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If the industry is not broken, why bother fixing it?

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  • 10/08/2001
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Thank goodness that's all over. Four weeks of what may well go down in history as one of the least ...

Thank goodness that’s all over. Four weeks of what may well go down in history as one of the least interesting election campaigns and we are left with business as usual, according to Mr Blair.

Most voters were left cold by the campaign, and I am left wondering what is in store for us over the next five years?

More specifically, what has Labour got planned for the financial services sector? For instance, will those much-heralded home sellers’ packs make a dramatic comeback, or will they fade away like William Hague?

My view of home sellers’ packs is, that even if the idea is revived, they will not have a great impact on the housing market. They amount to little more than fiddling around at the edges.

One thing is for sure, both borrowers and providers will be better served by the Government leaving us well alone. I for one do not see the need for additional legislation for the mortgage market.

They have tinkered an awful lot in the last few years, but not a lot has happened as a result. After all, who has actually benefited from Government ministers meddling in the mortgage market?

When you consider the size of the margins that UK lenders operate on compared to lenders in Europe or even the US, it is clear that we have by far the most efficient mortgage industry in the world.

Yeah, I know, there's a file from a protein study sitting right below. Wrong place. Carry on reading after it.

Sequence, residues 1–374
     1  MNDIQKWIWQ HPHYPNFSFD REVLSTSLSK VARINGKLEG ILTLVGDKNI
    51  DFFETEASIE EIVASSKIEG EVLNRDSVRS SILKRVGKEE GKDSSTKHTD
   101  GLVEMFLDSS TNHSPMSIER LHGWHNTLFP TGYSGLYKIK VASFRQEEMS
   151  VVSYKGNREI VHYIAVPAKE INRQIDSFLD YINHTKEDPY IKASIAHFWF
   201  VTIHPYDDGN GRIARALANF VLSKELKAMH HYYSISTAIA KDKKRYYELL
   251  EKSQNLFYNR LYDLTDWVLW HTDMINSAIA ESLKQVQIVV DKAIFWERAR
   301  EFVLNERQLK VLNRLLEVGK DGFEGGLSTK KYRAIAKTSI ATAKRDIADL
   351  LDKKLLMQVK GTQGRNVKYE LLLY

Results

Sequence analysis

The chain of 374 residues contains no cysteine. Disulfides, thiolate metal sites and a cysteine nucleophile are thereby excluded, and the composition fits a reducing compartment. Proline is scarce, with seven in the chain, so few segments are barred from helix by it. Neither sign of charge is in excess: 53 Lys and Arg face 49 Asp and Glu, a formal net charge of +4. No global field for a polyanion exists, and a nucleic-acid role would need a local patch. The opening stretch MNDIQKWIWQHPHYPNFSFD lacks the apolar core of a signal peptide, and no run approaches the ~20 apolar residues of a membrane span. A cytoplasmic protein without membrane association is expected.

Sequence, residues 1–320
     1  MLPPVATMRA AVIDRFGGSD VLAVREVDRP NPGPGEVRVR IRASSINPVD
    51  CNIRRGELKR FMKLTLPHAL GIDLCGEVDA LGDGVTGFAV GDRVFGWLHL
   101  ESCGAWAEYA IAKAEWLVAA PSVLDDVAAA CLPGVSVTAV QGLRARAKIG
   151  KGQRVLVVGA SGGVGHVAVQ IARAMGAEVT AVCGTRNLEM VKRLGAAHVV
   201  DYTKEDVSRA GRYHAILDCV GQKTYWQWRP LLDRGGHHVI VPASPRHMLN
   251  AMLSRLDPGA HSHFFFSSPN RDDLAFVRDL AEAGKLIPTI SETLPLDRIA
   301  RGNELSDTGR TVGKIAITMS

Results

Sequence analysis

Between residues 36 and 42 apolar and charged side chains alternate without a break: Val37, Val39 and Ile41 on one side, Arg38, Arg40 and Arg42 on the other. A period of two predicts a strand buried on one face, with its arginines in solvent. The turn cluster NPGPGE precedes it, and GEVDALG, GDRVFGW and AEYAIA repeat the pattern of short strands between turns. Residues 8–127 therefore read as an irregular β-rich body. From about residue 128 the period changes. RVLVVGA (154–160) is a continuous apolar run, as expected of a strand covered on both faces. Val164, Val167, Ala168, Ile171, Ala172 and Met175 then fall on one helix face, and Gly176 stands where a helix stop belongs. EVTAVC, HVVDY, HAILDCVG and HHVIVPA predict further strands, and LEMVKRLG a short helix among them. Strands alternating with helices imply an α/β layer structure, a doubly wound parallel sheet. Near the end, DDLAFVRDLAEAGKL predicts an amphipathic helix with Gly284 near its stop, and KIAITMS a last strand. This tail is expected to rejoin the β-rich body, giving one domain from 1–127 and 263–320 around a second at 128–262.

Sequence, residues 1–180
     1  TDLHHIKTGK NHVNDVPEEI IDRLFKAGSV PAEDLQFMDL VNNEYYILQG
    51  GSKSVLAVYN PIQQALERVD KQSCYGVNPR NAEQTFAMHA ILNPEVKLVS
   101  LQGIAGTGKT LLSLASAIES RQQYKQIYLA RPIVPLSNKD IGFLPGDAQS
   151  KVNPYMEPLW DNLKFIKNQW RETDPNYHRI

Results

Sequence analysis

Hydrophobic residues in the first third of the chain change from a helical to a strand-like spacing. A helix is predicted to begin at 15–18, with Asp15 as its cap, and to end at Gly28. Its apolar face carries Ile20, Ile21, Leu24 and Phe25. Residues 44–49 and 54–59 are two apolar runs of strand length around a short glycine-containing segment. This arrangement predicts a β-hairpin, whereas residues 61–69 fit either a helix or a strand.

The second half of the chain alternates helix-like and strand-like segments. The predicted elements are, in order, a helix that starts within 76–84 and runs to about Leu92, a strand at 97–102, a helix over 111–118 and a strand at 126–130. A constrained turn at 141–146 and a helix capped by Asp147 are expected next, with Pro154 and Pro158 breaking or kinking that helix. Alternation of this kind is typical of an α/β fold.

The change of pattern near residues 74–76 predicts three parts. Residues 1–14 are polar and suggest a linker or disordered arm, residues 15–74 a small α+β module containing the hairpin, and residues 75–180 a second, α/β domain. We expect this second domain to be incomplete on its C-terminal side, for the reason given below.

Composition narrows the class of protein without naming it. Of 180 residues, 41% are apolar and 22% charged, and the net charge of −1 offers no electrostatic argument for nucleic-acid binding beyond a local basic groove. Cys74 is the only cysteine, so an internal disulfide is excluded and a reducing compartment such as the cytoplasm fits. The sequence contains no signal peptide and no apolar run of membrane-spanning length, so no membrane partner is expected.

I am sure we can look forward to, or expect, progressive development of regulation of the mortgage industry. The timetable is already in place for that to happen, but there is a real need for the further consultation with experts working within the field.

As we know, mortgage regulation is in a state of transition while the Financial Services Authority’s (FSA) draft rules are keenly awaited. It seems certain that its new regulations will cover lenders and financial promotion, but not the direct regulation of intermediaries. The Mortgage Code’s form of non-statutory regulation is fast and flexible and complements statutory regulation.

Let us hope Mr Brown and the Treasury work closely with the Mortgage Code Compliance Board, the FSA and other agencies to ensure that consumers get the protection they deserve while recognising the tremendous work already being done throughout the mortgage industry, and particularly by the majority of mortgage intermediaries.

My message to the Prime Minister and his colleagues in Government is this: please leave the mortgage industry alone ‘ it works very well as it is. In other words, if it is not broken, why fix it?

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